Mail could be back in Canadian mailboxes on Tuesday after the Senate on Sunday endorsed back-to-work legislation ending the labour dispute that shut down the postal service.
The Senate held a rare weekend session to approve the government measure that was passed by the House of Commons on Saturday after a 58-hour filibuster by opposition MPs who said the bill was unfair to the workers.
Postal workers started rotating strikes to back contract demands on June 3, leading to a lockout by Canada Post, a government-owned corporation, on June 15 that shut the mail service down.
The Conservative government said it had no choice but to intervene because contract negotiations between the company and union had failed, and a prolonged dispute posed a threat to the national economy.
The Canadian Union of Postal Workers (CUPW) said its members will return to work as ordered, but warned that the order does not resolve the issues that lead to the dispute. It may challenge the legislation in court.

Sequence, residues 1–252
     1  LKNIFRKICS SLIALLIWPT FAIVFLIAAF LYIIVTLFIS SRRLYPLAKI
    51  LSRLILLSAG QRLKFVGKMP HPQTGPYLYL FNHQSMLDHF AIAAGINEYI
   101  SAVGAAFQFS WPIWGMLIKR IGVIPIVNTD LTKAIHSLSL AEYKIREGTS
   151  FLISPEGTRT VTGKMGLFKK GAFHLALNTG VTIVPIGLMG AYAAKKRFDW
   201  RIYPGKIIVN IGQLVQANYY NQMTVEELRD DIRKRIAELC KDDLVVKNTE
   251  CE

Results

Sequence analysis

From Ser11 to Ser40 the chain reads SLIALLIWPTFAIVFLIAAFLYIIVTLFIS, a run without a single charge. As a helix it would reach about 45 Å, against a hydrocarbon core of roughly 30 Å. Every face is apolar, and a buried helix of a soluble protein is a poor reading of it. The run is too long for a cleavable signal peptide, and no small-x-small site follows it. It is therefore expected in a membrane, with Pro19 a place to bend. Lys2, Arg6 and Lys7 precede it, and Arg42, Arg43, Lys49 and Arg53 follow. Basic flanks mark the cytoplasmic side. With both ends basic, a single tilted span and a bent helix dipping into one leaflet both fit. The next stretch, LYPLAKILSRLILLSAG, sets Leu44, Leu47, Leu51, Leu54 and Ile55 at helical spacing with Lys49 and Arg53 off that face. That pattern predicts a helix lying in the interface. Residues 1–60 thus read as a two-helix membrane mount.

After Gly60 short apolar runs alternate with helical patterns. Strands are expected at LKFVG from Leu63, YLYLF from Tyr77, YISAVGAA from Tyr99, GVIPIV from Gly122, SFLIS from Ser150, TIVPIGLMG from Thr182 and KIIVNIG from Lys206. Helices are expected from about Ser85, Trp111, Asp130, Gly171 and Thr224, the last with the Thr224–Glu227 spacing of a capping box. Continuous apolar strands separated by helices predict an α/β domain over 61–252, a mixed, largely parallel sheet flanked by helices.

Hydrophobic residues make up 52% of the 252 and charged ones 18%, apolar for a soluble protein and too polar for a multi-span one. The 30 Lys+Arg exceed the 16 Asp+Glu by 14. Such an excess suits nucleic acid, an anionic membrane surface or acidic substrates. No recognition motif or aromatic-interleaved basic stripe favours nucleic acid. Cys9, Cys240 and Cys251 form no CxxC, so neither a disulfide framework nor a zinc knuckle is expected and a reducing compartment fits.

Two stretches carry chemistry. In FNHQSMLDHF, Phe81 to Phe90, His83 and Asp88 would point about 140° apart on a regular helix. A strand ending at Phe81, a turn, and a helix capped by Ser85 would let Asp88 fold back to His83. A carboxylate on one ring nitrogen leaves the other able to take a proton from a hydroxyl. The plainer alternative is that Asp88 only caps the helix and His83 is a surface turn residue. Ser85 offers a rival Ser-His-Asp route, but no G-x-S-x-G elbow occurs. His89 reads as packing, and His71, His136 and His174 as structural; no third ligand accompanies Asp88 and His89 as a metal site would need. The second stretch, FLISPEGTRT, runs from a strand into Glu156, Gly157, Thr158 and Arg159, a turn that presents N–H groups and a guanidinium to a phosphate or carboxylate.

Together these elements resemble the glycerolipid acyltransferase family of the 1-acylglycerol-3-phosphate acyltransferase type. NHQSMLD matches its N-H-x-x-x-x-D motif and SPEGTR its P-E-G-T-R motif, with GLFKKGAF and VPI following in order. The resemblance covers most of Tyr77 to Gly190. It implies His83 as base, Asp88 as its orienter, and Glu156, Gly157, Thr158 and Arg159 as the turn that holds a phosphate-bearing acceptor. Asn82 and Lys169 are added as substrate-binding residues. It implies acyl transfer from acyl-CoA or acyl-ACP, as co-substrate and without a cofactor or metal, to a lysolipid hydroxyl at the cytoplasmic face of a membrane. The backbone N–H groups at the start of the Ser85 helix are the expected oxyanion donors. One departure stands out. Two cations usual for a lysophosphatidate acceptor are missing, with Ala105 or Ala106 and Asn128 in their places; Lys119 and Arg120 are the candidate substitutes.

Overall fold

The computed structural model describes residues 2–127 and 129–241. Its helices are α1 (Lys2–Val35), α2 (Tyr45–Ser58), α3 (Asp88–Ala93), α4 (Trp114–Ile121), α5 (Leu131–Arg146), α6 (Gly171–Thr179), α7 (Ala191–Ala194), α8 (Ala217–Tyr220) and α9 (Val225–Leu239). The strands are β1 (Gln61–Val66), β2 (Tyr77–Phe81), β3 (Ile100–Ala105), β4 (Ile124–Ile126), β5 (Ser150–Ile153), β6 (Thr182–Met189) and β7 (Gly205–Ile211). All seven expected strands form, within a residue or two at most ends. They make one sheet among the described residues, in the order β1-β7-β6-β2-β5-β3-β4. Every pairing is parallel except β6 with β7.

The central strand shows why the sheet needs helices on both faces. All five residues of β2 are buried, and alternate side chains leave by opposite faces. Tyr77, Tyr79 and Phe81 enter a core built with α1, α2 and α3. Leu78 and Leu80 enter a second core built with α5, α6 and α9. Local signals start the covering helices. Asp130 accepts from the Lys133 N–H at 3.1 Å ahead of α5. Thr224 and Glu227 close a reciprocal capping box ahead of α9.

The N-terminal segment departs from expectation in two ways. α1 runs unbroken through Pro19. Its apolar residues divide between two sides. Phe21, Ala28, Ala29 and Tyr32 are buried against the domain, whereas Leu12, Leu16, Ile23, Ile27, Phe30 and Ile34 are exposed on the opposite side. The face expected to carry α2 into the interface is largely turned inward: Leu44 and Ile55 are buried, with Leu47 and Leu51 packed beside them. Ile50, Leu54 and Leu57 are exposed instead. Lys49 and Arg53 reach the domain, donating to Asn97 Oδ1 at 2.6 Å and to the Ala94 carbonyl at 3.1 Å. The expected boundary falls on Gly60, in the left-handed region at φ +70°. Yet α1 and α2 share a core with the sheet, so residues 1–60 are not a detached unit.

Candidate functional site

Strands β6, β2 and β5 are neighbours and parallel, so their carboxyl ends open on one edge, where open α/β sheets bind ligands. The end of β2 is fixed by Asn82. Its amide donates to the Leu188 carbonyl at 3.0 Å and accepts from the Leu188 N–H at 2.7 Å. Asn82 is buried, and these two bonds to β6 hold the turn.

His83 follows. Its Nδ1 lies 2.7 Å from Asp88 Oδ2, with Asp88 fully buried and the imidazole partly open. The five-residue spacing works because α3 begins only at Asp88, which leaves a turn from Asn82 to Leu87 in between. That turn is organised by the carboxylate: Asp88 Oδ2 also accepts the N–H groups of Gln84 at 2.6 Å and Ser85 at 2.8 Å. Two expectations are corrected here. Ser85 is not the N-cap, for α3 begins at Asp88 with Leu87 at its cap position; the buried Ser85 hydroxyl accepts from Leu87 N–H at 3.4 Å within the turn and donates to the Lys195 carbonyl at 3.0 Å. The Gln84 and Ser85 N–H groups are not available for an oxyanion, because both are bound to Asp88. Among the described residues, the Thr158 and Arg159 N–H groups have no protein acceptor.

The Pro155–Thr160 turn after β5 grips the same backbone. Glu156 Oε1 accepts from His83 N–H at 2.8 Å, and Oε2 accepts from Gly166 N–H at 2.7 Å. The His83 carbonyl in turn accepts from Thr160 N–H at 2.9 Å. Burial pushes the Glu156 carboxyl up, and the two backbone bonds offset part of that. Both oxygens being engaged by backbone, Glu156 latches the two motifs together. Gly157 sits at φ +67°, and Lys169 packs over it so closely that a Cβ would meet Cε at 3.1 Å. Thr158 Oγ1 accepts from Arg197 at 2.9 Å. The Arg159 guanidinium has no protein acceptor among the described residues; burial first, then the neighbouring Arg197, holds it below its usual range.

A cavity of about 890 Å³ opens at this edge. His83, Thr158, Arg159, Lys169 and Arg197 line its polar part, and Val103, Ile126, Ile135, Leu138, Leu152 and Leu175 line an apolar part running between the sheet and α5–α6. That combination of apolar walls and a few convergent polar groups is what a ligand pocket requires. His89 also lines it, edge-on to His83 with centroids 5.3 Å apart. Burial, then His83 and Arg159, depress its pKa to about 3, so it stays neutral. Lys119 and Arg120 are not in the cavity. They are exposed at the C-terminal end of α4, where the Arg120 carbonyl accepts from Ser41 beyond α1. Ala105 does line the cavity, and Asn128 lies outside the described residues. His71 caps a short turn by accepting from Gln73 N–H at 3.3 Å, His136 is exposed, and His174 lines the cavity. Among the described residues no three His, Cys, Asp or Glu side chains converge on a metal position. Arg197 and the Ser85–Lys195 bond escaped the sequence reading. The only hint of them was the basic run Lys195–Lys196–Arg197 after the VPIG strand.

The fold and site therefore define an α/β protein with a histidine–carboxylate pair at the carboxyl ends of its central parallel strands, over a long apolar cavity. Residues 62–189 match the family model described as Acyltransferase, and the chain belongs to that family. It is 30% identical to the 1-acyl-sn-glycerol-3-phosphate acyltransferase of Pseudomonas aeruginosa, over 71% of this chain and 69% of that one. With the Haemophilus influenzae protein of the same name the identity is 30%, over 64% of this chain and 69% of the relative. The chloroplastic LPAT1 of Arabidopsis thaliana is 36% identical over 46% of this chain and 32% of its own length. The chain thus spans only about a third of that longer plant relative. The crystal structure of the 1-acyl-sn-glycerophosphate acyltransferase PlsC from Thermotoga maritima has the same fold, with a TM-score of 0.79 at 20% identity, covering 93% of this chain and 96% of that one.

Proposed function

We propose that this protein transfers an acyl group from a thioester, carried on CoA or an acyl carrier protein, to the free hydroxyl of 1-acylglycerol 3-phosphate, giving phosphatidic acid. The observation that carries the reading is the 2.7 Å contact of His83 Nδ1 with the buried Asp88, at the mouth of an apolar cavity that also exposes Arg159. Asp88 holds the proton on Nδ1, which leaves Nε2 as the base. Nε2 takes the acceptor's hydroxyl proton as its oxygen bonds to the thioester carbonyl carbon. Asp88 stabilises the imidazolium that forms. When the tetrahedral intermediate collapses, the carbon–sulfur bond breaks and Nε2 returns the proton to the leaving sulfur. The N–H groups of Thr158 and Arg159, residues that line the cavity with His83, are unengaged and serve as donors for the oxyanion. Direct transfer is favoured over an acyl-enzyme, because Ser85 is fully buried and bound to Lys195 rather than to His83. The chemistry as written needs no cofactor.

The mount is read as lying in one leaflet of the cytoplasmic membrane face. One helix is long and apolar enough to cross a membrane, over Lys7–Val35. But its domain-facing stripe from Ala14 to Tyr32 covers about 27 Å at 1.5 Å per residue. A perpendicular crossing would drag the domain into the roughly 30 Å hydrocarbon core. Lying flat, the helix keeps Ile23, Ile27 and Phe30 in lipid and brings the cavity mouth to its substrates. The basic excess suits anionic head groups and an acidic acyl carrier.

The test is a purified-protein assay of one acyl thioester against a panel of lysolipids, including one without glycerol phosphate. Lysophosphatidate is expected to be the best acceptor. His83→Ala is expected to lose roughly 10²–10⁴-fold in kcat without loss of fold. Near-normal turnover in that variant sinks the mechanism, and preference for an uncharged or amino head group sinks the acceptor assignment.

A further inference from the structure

The legislation provides for an arbitrator to pick between the offers made by the union or Canada Post, but it includes a controversial measure that sets the pay increase at less than the company had already offered the union.
If the arbitrator accepts Canada Post's offer, the company would also be allowed to offer new hires lower salaries, pensions and vacations than its existing workers now get.
House of Commons Debate
The opposition New Democratic Party (NDP) stretched out the debate on back-to-work legislation. The Conservative government vowed the House of Commons would not adjourn for its summer recess until the bill to restore postal service passed.
CUPW, which represents 48,000 urban postal workers, says that in talks for a new contract management has demanded unfair concessions in areas including wages, staffing and safety.
Canada Post says in an age of e-mail and the Internet, it must offer new hires less generous salaries and pensions to be competitive, particularly with courier companies.
The opposition NDP received support from many unions and in stalling the back-to-work bill it is running a fine line in trying to back the postal union without angering the broader population. A poll found 70 per cent of Canadians support the legislation.
— with files from Reuters
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